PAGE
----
The Asia Pacific region is emerging as a dominant economic force in the next decade, with a third of all IT spending is now sourced outside of Europe, North America and Japan.
In fact the IT industry reached a milestone in 2007 becoming a US$3 trillion dollar market.
Speaking at Gartner’s annual symposium in Sydney Tuesday, the research firm’s global head of research, Peter Sondergaard, said Asia is experiencing rapid growth while Europe and North America are in decline.
Sondergaard said while IT spending overall will grow at a rate of four percent in 2008, this rate will top nine percent in Asia for the next three years. Gartner research shows that IT budgets will increase to five percent in 2008 compared to three percent in 2007.
The APAC region remains unaffected by concerns of an economic downturn in the United States.
Sondergaard said enterprises need to ensure 2008 budgets support business growth but warned to also build in cost contingencies for rising labor costs. “Staffing costs will rise due to the skills shortage,” Sondergaard said.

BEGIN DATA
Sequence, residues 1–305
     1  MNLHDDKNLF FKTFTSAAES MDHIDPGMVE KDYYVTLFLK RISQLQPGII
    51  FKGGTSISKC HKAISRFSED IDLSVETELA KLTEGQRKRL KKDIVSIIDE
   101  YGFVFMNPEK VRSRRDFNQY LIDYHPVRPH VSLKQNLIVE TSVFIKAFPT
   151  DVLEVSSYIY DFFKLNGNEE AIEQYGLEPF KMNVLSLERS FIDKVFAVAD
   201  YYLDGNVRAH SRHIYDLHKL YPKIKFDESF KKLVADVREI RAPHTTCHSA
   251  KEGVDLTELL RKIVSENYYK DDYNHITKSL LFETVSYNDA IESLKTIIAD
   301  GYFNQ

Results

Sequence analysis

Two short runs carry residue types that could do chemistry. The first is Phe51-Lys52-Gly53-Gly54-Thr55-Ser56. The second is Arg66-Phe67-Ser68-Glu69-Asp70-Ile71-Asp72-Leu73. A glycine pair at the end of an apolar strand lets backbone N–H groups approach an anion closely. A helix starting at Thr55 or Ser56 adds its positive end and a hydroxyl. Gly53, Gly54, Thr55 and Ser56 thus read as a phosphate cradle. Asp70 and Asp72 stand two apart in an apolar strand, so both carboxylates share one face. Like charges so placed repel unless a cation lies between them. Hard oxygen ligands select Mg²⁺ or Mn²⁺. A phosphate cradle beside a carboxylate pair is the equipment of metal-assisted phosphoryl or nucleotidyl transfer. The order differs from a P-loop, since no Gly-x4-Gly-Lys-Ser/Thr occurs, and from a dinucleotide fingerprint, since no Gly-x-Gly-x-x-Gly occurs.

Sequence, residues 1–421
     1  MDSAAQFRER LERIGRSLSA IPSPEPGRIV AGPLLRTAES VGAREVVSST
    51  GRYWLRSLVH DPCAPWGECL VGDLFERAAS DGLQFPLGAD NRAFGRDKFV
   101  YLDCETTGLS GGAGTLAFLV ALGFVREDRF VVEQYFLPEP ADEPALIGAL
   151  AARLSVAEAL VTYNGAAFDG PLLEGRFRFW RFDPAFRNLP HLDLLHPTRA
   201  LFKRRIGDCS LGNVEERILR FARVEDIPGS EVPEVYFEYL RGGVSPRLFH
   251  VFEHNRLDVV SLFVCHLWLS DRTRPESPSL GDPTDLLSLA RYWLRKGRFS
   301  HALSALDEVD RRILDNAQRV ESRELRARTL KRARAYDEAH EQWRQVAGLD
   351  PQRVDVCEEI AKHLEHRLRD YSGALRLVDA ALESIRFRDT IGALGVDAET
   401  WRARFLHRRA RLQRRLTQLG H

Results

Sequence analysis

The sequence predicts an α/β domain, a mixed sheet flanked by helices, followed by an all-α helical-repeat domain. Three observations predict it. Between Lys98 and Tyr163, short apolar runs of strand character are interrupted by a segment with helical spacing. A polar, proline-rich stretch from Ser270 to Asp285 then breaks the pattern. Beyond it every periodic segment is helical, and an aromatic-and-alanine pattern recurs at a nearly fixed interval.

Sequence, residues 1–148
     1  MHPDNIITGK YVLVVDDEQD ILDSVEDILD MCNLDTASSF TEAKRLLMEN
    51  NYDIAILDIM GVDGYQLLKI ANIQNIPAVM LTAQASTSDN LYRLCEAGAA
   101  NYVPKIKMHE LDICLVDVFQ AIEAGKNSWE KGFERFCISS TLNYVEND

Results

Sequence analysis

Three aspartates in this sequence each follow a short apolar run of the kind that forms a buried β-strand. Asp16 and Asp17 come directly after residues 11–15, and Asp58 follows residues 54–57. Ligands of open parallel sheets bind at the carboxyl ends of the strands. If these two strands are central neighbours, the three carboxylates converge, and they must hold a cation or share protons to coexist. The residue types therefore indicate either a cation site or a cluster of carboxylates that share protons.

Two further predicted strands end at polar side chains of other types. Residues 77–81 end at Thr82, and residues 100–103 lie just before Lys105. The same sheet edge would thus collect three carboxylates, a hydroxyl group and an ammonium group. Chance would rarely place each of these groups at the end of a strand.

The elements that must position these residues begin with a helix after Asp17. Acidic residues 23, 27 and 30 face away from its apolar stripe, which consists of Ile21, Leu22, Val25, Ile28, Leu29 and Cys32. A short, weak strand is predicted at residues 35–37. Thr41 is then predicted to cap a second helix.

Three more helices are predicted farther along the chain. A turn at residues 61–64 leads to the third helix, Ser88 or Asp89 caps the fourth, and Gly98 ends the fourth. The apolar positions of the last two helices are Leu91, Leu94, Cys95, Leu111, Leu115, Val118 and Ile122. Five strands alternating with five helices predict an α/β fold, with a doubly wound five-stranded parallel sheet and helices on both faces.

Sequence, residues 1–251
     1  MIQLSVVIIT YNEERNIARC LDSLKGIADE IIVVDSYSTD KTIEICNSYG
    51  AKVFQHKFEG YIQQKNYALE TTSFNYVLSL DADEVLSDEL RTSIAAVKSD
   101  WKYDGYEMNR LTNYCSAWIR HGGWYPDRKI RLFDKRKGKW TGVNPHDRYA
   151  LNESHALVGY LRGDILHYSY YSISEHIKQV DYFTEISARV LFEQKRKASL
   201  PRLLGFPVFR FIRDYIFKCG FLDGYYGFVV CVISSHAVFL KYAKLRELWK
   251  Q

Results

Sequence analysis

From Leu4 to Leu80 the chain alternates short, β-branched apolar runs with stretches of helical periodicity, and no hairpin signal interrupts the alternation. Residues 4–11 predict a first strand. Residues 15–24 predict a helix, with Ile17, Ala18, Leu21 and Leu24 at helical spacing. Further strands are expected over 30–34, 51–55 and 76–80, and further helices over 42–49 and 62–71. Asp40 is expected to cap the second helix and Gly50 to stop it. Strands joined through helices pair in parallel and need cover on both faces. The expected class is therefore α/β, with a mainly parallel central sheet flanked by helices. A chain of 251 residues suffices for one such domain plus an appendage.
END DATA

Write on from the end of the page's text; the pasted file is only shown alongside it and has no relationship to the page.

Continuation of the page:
In this climate, he said agility has become the norm and its the job of IT to come up with new ideas and innovations to sustain growth.
“The business is looking to technology to deliver and provide opportunities for growth; it’s a heavy responsibility,” Sondergaard added.
Describing delegates as digital immigrants, Sondergaard said the new generation of tech consumers who have grown up with IT throughout their lives are the digital natives.
“These digital natives are having a huge impact on corporate IT because they can exploit new Web 2.0 technologies and distribute content globally in an affordable manner,” he said.
“They do it better than business, they are no longer consumers but prosumers.”
With the advent of instant messaging, Skype, the Blackberry, mobile phones, e-mail and a myriad of other communication devices, Gartner Research Vice President Martin Gutberlet said these tools are creating a lot of employee stress.
“We now work in a taxi, at the airport, on the beach, during dinner and sometimes, even at the office,” he explained.
“But in spite of all these technologies executives are still asking, why can’t I get hold of somebody? Why does it take so long to get things done? Human response times have become the new bottleneck.”
The solution, according to Gutberlet, is “communication in context” and the use of technologies like Presence. Unified communications, he said, means a single number and inbox enabling contact at the right time and place.